It may be that those companies which do not export will be accused of" failing the nation"—a phrase very popular with Socialist Ministers at the present time. They will then have to prepare a long justification of why they are not exporting and why, in fact, they are doing much better for the nation by sticking to the job they know how to do. We oppose this disclosure of export turnover because it is misleading as between firm and firm; and also because it can be very damaging to the firm concerned, and therefore to the national interest, because it will give foreign competitors valuable information which they would dearly love to have at present. We shall therefore seek to amend these provisions in Committee.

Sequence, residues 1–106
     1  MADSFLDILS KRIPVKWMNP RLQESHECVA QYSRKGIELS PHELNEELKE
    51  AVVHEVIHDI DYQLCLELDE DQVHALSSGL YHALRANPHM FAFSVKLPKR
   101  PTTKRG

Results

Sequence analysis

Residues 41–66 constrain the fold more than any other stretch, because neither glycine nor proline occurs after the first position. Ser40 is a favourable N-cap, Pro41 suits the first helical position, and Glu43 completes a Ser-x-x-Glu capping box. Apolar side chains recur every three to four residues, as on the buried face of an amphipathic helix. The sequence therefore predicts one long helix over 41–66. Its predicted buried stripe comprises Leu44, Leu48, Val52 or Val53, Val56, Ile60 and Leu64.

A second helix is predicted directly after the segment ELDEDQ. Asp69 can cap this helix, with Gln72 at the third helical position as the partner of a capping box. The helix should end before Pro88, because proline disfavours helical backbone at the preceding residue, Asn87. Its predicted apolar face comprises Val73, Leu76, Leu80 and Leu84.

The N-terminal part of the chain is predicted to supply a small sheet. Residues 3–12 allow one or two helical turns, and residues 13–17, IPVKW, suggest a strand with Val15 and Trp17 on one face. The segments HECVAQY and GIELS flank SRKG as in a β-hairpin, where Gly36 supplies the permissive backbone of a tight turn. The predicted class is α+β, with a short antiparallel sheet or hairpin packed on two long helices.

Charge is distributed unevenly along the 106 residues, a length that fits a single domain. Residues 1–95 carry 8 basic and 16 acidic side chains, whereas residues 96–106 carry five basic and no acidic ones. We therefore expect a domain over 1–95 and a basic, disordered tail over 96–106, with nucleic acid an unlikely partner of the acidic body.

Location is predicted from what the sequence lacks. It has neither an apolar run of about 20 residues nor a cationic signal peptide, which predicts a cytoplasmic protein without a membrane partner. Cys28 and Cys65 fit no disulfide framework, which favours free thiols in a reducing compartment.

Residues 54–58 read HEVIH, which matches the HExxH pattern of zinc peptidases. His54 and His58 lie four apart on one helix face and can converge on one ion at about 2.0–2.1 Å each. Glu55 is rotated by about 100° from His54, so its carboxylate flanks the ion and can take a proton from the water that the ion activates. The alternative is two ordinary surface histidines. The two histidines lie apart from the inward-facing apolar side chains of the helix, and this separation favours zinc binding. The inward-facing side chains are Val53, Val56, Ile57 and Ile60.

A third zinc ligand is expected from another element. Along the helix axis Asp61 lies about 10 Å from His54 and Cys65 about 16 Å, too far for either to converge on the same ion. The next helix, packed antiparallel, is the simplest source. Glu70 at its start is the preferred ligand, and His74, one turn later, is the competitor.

Then, as regards the disclosure of the salaries at higher levels and among public companies, the noble and learned Lord, the Lord Chancellor made great play with the salaries of Field Marshals and the salaries of public servants. I agree with him that many wives must be grateful to Whitaker's Almanack, but the great and essential difference between such salaries and the salaries of directors and executives in business is that the salaries of public servants are paid out of public funds and the public has a right to know how its money is being used. The salaries of directors and senior executives are paid by the chairman and the directors, in accordance with their estimate of the value of the services of each individual, in order to secure the best results for the company for whose success they are responsible to the shareholders. There is a very substantial difference. What is the object of this disclosure? is it really going to serve any useful purpose, or is it merely to satisfy the curious and the malevolent? We have had no satisfactory explanation of this. I fear too much that it is a desire to satisfy the curiosity of those who think they are not as well off as directors or chief executives. Or is it, indeed, to keep a watch on the general increase of such salaries? I thought that might have been a plausible argument which the noble and learned Lord the Lord Chancellor would introduce. I can assure him that the effect of such disclosures will be to increase the rate of increase of salaries far and away above what has been going on in the past few years, because you may be quite sure that there are many people who are curious.